Effective, but really a pale Exorcist imitation.
- The Night Child review by NP
One of the things I love about European horror and giallo films is the scenery. To tell the truth, it might well be my only chance to see such exotic foreign locations, especially as they appeared over forty years ago. And here, Director Massimo Dallamano makes sure we get the full benefit of exotic looking vistas in Spoleto, Villa Parisi, Palazzo Chigi and London. It looks stunning.
The cast is terrific also. Leading man Richard Johnson as Michael Williams is charming and reassuring, whilst never drifting into the foppish tendencies of many handsome male actors from this period. Prolific Nicoletta Elmi is Emily Williams; here, at just 11 years old, the talented youngster had already appeared in such films as ‘Who Saw Her Die’ alongside George Lazenby, Mario Bava’s ‘A Bay of Blood’ and ‘Baron Blood’, Dario Argenta’s ‘Deep Red’ and the notorious ‘Flesh for Frankenstein’ amongst many other projects. Her role here is big ask: as ‘the night child’ she has to carry large parts of this story, and without the aid of the make-up, special effects or prosthetics that ensured Linda Blair in ‘The Exorcist’ gave us all nightmares.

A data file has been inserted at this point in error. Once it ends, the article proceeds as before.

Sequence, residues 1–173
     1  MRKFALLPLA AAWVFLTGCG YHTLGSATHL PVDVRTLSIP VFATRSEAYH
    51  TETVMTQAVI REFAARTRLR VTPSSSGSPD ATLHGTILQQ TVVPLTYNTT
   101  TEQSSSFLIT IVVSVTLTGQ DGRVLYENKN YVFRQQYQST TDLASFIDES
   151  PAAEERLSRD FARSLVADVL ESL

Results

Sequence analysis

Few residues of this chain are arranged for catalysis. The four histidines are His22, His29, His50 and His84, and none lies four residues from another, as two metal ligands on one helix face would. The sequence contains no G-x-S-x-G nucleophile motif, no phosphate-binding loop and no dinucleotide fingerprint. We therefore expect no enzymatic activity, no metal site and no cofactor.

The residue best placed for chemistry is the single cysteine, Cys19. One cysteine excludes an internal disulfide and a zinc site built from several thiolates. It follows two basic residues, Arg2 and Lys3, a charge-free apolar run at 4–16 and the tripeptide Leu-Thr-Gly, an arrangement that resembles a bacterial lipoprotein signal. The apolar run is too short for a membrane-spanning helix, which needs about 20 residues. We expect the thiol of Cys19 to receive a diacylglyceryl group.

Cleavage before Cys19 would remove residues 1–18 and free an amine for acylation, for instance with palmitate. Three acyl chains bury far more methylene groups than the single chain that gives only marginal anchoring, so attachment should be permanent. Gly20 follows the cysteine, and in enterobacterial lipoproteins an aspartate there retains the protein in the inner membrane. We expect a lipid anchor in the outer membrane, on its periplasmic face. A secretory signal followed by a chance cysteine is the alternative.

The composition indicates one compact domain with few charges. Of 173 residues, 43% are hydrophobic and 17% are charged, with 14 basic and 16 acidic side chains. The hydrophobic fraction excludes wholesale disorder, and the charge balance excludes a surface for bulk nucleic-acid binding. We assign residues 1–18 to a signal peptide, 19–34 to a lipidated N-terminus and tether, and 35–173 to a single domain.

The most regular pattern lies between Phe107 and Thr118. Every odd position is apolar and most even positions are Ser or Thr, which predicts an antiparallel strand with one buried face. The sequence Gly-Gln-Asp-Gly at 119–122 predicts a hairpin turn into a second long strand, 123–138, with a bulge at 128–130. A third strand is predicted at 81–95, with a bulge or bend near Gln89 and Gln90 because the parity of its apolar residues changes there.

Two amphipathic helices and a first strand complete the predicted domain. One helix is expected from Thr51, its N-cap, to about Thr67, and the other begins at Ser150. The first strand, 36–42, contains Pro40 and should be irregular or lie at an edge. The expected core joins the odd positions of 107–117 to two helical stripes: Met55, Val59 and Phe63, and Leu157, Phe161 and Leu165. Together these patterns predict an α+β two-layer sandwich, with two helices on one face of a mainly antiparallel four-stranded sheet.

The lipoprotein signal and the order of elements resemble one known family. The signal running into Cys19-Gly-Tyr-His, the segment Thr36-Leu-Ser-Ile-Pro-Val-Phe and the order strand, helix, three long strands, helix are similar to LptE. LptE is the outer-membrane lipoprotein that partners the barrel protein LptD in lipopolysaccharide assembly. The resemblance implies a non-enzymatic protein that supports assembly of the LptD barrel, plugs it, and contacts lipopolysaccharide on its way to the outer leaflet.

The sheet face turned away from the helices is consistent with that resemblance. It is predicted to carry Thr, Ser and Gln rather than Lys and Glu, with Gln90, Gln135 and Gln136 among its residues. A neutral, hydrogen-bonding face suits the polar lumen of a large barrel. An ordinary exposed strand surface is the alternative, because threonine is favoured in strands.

And this is very much an imitation of that ground-breaking demonic horror. Williams is a film-maker making a documentary about Satanic deaths, and as he is away working, Emily’s behaviour becomes alarmingly petulant: almost as if she is possessed. Thus, we get regular flashbacks and nightmare sequences. Whereas Regan in ‘The Exorcist’ injures herself with crucifixes, vomits green bile and utters foul profanities, Emily throws a few tantrums (and smokes a cigarette) that are energetically performed but hardly terrifying.
The truth is, this is a rather pale imitation of that earlier film and in any comparisons, comes a distant second, despite all the wonderful scenery and powerful performances. It’s true to say that Emily’s powers become more fearsome as time goes on, and the finale contains a good twist. The accompanying score, by Stelvio Cipriani is also completely bewitching, but unlikely to give anyone the jitters. My score for this is 7 out of 10.
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